Dec 6 / Chuck Smith, Jr.

December 3, 2017 – Matthew 7:1-6

It Really Is That Simple

Do not judge so that you will not be judged. For in the way you judge, you will be judged; and by your standard of measure, it will be measured to you. Matthew 7:1-2

Intro: At first, it seems like Jesus jumps to an entirely different subject

In fact, he is continuing to develop his theme of superior righteousness (Mt. 5:20)
– he is still concerned with the spirit of God’s law and our inner lives
• what he moves to in this passage is another way this applies to our lives
• Jesus covered two issues in chapter 6:
hypocrisy: a potential problem we may have with God
anxiety: a potential problem we may have with “things”
– now he covers a new issue
judging: a potential problem we may have with other people

The Greek word translated “judge” is krino and has lots of meanings
– separate, evaluate, discern, condemn
• knowing how to interpret it depends a lot on the context
• in this instance Jesus says, “Don’t do this,” which indicates something that is always wrong
◦ so perhaps he is saying, “Do not condemn others”
◦ it is not our job to separate sheep from goats
◦ or decide whether a person stands or falls before God (Ro. 14:4)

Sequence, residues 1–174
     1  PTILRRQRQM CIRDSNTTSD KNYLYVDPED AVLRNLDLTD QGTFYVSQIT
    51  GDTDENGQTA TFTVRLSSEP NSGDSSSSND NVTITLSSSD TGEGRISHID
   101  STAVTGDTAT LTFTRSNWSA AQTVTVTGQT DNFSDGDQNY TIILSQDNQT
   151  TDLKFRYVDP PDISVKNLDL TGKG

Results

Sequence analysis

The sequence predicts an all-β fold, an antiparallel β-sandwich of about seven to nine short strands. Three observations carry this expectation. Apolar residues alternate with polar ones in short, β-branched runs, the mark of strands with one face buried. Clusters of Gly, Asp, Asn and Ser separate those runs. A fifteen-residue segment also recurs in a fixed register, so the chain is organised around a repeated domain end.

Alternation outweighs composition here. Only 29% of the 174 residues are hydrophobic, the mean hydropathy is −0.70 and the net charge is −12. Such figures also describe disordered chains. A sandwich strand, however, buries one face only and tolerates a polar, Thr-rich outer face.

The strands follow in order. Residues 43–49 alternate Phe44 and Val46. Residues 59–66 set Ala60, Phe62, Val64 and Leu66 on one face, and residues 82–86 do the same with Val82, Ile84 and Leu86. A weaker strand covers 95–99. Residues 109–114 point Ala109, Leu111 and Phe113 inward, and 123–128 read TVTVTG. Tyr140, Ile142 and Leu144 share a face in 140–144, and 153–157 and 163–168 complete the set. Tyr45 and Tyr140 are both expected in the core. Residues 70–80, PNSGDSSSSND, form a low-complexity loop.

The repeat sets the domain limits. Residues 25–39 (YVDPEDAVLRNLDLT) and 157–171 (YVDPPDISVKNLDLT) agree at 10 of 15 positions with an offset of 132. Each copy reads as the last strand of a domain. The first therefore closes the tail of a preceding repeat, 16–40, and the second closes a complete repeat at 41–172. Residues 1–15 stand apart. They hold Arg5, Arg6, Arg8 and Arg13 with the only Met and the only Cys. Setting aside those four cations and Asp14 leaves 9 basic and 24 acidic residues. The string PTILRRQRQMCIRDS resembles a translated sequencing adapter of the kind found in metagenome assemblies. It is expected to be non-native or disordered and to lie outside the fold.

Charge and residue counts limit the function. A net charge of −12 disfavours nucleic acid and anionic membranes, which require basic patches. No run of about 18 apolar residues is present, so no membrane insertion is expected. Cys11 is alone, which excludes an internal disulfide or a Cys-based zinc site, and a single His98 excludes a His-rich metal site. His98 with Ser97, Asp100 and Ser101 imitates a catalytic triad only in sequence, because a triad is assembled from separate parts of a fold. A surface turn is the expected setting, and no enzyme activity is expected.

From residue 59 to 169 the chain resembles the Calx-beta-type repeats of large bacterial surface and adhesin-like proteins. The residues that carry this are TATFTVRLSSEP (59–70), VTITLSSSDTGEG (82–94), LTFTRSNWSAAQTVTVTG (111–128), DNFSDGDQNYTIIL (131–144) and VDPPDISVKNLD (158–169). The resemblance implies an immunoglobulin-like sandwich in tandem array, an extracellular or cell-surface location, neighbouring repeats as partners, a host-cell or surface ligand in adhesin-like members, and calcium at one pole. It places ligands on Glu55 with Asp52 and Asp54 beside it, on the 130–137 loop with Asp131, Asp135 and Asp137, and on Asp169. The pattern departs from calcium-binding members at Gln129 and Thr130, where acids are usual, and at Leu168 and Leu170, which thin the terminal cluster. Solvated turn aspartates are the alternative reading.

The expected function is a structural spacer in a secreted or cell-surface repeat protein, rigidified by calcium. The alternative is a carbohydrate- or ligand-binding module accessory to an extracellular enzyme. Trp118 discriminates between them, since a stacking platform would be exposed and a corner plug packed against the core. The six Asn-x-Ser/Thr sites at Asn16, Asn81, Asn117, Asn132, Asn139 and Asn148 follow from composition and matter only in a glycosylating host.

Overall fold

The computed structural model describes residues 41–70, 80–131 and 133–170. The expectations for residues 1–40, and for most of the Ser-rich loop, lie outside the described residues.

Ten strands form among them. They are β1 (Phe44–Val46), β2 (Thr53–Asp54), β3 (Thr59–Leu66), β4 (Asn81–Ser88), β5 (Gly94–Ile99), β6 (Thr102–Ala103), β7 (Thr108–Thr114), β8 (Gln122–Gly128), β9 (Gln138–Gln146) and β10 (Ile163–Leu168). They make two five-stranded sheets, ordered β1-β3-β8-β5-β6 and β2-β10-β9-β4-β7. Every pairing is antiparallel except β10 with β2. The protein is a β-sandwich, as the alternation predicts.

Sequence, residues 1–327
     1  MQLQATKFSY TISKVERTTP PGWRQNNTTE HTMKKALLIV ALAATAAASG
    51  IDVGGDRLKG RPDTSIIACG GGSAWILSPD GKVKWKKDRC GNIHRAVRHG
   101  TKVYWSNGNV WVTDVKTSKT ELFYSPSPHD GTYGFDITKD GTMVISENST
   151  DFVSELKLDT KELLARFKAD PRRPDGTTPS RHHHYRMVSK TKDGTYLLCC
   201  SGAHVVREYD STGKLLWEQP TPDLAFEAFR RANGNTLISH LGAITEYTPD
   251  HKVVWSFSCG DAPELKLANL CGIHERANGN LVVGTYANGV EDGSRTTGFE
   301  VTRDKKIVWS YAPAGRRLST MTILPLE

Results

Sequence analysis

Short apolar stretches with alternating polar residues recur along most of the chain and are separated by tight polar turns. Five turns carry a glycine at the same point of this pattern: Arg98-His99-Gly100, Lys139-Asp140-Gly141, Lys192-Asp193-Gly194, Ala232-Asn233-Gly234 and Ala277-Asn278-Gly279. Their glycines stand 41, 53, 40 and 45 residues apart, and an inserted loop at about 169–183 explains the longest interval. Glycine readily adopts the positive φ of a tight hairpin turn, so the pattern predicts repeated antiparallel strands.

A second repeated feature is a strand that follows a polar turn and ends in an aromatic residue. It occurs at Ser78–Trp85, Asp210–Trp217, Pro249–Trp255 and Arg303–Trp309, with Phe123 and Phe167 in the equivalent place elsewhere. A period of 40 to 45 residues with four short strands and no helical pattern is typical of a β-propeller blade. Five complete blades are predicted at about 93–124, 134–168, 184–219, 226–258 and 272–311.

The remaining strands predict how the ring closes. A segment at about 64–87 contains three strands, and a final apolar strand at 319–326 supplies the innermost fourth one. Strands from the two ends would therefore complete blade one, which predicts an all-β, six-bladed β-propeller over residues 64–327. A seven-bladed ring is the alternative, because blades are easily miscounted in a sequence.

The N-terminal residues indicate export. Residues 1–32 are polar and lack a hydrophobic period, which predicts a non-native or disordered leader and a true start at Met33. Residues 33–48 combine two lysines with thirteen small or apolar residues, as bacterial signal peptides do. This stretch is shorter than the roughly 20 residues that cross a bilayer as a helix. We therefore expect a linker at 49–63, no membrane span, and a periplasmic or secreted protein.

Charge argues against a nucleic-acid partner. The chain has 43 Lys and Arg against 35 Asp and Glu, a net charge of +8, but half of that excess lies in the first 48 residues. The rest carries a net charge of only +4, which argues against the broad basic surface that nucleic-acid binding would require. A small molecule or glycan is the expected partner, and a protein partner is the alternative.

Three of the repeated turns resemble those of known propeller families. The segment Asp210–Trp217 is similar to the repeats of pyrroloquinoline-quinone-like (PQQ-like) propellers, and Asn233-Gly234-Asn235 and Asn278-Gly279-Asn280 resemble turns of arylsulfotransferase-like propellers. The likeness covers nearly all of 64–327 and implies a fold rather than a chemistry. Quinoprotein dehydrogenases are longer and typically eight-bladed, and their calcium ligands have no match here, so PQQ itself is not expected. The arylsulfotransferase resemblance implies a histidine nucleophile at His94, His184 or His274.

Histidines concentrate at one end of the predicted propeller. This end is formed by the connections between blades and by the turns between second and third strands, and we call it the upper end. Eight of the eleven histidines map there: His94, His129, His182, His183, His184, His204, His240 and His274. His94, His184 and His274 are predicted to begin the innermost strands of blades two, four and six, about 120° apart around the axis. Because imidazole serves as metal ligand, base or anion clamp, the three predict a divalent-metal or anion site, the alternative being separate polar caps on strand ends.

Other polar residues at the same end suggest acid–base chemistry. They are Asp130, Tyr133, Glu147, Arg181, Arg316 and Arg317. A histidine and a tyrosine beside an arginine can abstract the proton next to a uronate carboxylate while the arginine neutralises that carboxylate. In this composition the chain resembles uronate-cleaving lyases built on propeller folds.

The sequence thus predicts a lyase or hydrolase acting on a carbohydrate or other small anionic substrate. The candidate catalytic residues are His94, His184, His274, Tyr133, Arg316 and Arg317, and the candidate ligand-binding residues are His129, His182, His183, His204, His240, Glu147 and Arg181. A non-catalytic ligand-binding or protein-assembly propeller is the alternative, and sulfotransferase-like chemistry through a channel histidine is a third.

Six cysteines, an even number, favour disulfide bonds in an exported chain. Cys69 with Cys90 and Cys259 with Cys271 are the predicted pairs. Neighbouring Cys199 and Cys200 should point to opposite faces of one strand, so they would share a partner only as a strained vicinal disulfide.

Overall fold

– we can immediately dismiss the idea Jesus forbids making any kind of judgment
• such as the judicial system, discerning whether a person is safe or someone is telling the truth
◦ these types of judgments have the support of scripture
• if we keep in mind the whole sermon, the Lord’s concerns include:

  • Not evaluating or forming opinions of others without compassion for them
    ◦ we have been instructed to love even our enemies
    ◦ certainly we are not to identify someone’s error or wrong doing without love
  • Whatever we discover about others, we must be ready to show them mercy
    ◦ we are to be peacemakers
    ◦ the goal of confronting someone is to be reconciled to him or her (cf. Mt. 18:15)

A couple of interesting facets of this chapter’s text:

  1. We will find echoes of the beatitudes in it
    • for example: “Blessed are merciful … the pure in heart … the peacemakers”
    • what we have learned already is elaborated and reinforced
  2. We will find it is filled with metaphors
    • balance scales, a speck and a log, animals, a gate, a vine, etc.
    • metaphors add artistry to a speech
    ◦ and they assists our understanding through analogies
    ◦ but metaphors also create challenges for interpretation

1-2, The flip-side of “Blessed are the merciful . . .” (5:7)

read more…

Nov 28 / Chuck Smith, Jr.

November 26, 2017 – Matthew 6:31-34

All These “Things”

Do not worry then, saying, “What will we eat?” or “What will we drink?” or “What will we wear for clothing?” Matthew 6:31

Intro: We are wrapping up this section of Jesus’ Sermon

As we do, I want us to be asking ourselves a question:
– Why does Jesus devote so much of his sermon to worry?
• he had far less to say regartding anger, lust, broken promises, revenge